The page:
the variants which were discovered, except the one discovered in
the blood donor, are all shown to be associated with a single
disease, known as ME/CFS, or you could say that they are all
associated with a 'syndrome' (CFS is a syndrome), where the
patients may yet be shown to exhibit different symptoms within
that syndrome, possibly relating to being infected by the
different types of virus. The viruses might also be associated
with other diseases, such as MS, Autism, Gulf War Syndrome, Lyme
Disease... and there is ongoing research looking into all of
these. The possibility of multiple infections, of different
MLV-related viruses, in an individual, might also contribute to
increased, or a wider range of, symptoms.
Alter has very firmly stated that his study complements,
confirms and broadens the WPI's research, and does not detract
from it in any way.
So, it seems that they have discovered Human Gamma Retroviruses
(HGRV's) in people with ME. ('HGRV' seems to be the umbrella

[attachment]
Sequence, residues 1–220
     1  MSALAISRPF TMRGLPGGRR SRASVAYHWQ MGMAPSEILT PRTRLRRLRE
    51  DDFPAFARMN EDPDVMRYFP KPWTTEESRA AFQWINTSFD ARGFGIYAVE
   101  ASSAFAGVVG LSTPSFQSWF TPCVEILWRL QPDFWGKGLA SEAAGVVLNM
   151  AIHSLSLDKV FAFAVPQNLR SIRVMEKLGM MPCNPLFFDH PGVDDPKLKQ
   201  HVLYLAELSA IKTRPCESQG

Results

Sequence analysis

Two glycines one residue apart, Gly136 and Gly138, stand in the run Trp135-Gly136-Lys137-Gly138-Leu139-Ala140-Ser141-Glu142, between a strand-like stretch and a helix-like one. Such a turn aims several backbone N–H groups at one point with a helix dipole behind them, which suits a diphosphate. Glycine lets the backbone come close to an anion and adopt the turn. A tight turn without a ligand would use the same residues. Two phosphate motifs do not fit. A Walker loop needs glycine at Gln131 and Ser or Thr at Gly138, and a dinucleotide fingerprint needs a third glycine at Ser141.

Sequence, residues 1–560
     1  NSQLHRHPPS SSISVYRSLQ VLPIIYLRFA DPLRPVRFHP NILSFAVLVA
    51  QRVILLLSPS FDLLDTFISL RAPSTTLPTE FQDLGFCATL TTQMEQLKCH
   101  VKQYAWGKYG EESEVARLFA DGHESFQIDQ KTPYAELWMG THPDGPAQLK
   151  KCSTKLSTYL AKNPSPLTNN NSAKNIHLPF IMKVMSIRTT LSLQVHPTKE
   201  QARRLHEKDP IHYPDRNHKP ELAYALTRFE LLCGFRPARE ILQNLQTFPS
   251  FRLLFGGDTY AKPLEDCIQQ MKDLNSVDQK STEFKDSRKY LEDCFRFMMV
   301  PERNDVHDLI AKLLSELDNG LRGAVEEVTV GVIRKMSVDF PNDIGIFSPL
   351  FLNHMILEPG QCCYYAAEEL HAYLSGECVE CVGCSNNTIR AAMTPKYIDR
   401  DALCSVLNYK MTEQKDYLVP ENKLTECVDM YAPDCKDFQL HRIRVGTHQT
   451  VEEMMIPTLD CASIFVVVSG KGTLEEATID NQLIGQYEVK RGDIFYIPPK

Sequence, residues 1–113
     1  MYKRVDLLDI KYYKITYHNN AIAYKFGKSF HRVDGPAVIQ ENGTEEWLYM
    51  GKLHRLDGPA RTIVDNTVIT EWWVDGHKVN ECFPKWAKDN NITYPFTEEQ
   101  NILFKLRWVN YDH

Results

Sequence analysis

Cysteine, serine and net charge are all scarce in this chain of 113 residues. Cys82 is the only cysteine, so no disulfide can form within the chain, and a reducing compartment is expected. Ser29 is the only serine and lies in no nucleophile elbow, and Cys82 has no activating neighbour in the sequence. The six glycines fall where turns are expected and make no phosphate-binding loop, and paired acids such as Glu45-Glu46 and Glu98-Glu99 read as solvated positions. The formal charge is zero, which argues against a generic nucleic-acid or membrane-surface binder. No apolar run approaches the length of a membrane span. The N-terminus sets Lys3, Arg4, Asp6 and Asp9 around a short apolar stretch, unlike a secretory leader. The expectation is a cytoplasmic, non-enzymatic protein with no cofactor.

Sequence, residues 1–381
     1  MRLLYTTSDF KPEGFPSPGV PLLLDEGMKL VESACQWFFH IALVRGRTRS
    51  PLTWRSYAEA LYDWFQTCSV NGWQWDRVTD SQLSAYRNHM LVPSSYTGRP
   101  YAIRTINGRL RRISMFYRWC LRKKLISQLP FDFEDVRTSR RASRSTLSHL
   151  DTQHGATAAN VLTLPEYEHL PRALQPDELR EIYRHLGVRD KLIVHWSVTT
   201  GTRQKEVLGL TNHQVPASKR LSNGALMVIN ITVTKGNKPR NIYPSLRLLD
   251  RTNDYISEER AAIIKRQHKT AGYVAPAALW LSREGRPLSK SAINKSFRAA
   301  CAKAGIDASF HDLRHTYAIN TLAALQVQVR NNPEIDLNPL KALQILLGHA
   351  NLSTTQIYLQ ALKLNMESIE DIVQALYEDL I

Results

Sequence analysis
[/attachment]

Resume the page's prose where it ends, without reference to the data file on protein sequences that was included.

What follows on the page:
term for these MLV-related human gamma retroviruses). XMRV is
one of these HGRV's, as Judy Mikovits has always said. The Alter
study, and Judy Mikovits, have also confirmed that there are
also different types of XMRV. This paper specifically refers to
"XMRVs" in the plural. There are also diagrams in the paper
showing how the XMRVs relate to the other, new, MLV-related
for a diagram, extracted from the Alter & Lo paper, of
a phylogenetic tree of MLV-related virus gag gene sequences
taken from blood samples of CFS patients and blood donors, and
how they related to MLV's:
All the Human Gamma Retroviruses (HGRV’s) found, so far, are all
MLV-related viruses (MLV = murine leukaemia virus) (Note that
MLV’s are mouse retroviruses that cause cancer in certain types
of mice.) The viruses, that Alter and Mikovits have published
papers on, have all been designated as MLV-related-viruses.
Alter seems to base his findings on virus gene sequences, rather
than whole virus genomes. I suppose that if a mouse virus, or
mouse related virus is found in the human population, then these
newly discovered human viruses need to be designated as human
viruses, rather than mouse viruses.
I'm not sure, from the wording of the paper, how much similarity
there is between the mouse viruses and the human viruses.
i.e. were all of Alter's viruses were previously unknown
viruses, but similar to existing MLV's? or are they identical to
existing MLVs? Have these viruses mutated enough, since being in
the mice population, such that they can be called new viruses?
Alter checked all of his blood samples for contamination with
mouse DNA, which showed negative for all mouse DNA, which